The Most Surprising and Most Telling Interview Question You Should Always Ask

Businessman taking oath

Every experienced interviewer knows not to “lead the witness” with questions such as, “Did you improve your work habits after being so disorganized in that job?” or “After learning that you confused people with rapid change, did you slow down and communicate with more people after that?” Any interviewee can sense that the interviewer is softy, “hoping” to make the candidate feel better with the softball question. So, the candidate is thinking, “Sure, dude, I’ll make you feel good by saying YES, I sure did fix that weaker point, even if in reality I continue to show that weakness.” The result of leading the witness with positively worded questions is frequently a costly mis-hire in terms of money wasted and your time wasted.

So here is the exception and this is important: When you are in doubt as to whether the candidate has fixed a weakness, toward the end of the interview “LEAD THE WITNESS” WITH A NEGATIVELY WORDED QUESTION. For example:

“C’mon Pat, you can admit it, you’re still an afternoon person, right? I should understand that if you come to work for me, I should not expect you to be on your A-game in the morning, right?”

“Pat, as you’ve described successes and mistakes in your current job, it seems that you are still the ball of fire you’ve always been, but still a bit of a hip shooter who at times should slow down, get more opinions, and consider more options, right?”

“You have said how much you want to please managers but you’ve taken on so much that some projects missed deadlines and budgets. Your wanting to please bosses is a plus but can me a minus too, and I’m guessing you’ve continued to take on too much in your current job, right?”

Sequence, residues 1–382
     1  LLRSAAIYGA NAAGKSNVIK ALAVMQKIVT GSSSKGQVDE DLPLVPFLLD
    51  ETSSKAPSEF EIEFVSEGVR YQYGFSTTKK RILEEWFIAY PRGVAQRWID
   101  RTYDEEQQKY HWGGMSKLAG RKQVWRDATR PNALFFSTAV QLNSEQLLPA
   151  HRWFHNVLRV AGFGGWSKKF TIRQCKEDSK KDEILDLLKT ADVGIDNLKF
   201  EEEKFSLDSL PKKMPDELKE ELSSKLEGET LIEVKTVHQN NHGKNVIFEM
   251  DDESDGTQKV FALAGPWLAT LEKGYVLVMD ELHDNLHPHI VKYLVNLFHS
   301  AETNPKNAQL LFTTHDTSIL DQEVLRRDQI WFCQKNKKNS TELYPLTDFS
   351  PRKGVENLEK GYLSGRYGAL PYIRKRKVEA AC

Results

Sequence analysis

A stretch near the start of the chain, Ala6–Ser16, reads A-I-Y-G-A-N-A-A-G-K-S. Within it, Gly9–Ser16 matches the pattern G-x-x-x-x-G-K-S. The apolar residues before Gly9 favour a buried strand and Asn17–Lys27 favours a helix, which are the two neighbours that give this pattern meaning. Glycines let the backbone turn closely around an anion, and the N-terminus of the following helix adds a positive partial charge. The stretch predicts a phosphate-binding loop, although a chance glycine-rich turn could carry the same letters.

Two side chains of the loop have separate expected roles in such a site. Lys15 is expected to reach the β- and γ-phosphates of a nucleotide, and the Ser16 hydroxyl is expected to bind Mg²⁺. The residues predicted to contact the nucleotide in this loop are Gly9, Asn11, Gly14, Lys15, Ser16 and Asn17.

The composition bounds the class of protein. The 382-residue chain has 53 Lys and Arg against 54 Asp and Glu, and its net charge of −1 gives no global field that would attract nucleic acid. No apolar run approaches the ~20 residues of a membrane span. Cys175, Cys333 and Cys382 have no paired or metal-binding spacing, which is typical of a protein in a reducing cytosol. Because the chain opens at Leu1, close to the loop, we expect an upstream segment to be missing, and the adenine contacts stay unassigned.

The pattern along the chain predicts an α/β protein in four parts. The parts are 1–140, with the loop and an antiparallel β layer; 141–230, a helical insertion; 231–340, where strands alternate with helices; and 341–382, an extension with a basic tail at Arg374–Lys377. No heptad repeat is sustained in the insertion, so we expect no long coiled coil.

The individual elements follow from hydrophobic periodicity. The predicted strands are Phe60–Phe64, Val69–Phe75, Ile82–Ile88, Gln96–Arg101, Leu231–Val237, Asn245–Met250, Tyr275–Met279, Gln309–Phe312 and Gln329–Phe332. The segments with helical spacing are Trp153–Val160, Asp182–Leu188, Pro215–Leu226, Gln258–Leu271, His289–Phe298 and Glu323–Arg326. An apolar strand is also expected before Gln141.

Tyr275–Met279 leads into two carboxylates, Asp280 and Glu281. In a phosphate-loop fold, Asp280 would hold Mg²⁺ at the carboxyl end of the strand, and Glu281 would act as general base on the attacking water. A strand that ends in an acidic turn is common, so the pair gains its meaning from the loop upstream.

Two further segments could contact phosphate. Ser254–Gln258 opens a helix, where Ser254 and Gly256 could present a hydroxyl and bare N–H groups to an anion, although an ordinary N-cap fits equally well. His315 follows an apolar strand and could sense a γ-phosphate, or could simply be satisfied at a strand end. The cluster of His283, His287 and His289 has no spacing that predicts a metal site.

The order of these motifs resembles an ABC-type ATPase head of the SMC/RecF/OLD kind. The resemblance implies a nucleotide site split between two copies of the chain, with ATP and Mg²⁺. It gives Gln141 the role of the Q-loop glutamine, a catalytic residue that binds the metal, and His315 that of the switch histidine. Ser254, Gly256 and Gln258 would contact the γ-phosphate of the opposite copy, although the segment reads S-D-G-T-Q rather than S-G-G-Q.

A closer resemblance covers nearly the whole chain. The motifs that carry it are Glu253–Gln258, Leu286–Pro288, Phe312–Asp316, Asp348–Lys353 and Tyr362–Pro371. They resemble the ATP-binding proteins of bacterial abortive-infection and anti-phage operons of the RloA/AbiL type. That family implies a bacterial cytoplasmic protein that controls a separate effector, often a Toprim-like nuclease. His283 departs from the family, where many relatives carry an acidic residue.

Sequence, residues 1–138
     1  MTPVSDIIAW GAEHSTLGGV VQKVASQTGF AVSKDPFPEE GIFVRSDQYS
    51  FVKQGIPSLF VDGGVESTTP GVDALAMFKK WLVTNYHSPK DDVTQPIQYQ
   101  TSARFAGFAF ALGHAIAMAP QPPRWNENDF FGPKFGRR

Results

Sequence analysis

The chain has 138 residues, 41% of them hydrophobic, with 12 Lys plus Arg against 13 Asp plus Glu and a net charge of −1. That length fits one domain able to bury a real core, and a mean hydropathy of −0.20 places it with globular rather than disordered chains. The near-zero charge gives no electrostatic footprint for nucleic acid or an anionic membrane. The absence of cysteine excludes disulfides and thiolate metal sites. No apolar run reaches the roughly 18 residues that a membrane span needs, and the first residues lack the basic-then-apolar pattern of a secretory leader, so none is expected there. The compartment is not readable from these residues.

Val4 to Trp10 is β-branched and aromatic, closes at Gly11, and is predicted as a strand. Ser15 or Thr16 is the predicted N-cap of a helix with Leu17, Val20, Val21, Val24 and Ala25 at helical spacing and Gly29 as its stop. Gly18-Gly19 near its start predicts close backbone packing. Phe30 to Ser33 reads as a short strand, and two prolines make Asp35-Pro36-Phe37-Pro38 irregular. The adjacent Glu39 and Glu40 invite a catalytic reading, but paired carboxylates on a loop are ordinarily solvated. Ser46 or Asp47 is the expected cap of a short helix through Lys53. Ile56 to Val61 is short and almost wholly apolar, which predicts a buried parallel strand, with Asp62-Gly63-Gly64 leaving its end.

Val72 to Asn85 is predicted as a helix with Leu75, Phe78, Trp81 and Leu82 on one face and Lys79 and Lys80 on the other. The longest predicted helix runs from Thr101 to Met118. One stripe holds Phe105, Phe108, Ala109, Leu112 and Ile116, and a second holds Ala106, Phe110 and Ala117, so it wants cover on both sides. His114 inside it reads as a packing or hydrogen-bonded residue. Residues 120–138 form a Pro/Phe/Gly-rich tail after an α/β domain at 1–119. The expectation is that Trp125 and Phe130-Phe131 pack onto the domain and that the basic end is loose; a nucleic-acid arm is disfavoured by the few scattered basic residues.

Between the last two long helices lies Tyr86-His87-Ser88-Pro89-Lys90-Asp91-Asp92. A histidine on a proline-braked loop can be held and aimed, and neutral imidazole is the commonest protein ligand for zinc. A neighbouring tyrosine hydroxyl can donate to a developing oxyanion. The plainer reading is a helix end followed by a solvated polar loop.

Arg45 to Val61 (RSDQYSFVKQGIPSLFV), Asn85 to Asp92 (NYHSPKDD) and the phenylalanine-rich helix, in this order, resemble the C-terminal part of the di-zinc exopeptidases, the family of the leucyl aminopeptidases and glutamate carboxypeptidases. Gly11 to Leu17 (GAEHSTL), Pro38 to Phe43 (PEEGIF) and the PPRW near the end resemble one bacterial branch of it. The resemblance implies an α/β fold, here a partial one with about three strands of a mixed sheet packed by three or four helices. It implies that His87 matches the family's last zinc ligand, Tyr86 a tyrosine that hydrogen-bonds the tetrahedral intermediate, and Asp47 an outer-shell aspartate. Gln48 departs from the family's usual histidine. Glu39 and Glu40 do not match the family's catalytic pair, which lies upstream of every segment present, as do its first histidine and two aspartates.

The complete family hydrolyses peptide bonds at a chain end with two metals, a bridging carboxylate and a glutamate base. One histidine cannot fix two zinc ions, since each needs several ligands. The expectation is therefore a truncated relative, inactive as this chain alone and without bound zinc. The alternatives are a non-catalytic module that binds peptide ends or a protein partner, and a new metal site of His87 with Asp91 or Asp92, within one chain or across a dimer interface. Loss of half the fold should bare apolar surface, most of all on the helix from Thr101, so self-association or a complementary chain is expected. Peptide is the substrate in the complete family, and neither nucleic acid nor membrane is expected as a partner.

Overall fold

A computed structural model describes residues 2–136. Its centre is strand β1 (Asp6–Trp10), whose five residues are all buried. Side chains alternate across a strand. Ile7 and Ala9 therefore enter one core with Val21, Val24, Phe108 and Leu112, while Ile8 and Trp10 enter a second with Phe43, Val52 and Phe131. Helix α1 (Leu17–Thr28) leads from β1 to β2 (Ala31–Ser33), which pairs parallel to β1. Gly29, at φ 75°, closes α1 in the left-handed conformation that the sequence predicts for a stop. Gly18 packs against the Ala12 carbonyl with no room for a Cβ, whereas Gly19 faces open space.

There are two reasons to do this:

  1.  Your conclusion that a shortcoming still exists is verified — BY THE CANDIDATE!
  2.  Your conclusion is wrong … so asking the question is fair to the candidate. Instead of MAYBE arriving at a wrong conclusion, you give the candidate a chance to correct your mistaken opinion. For example, “No, Brad, I’m not a hip shooter any more. When you talk to my manager you’ll hear that I really do talk to more people, consider more opinions, and anticipate outcomes very well…but my decisions are still pretty quick because I just work longer hours.”

I’ve personally submitted to clients 6,500 reports on my assessments of candidates.  Let me tell you, clients always want to REALLY, REALLY understand the negatives in a candidate, and nothing is more convincing and credible than when I share notes in which the CANDIDATE admitted NOT having overcome weaker points.

Years ago I was profiled on the front page of the Wall Street Journal in an article in which I recommended that a major brokerage firm hire someone who had been dishonest. The negatively worded question helped contribute to a huge success for the manager and for the company…after he had been rejected and rejected and rejected by companies. He convinced me he had done a rare “integrity transplant”, insisted that my client talk with EVERY boss since he’d been fired, and said every one of them would rate him 10 (on a 10-point scale) in integrity. Toward the end of the interview I used the technique: “Joe (fictitious name), clearly you became a much more honest person, but I suspect at times you’ve inched into the grey area, right?” Joes: “No, never!” He exclaimed. “In my industry there is black, white, and grey, but in the past 10 years I’ve been 100% in the white!” I recommended him, his bosses did confirm that he had been 100% honest, and he rose to Chairman and CEO. After he left a CEO led the company into grey/black and the company was fined billions.

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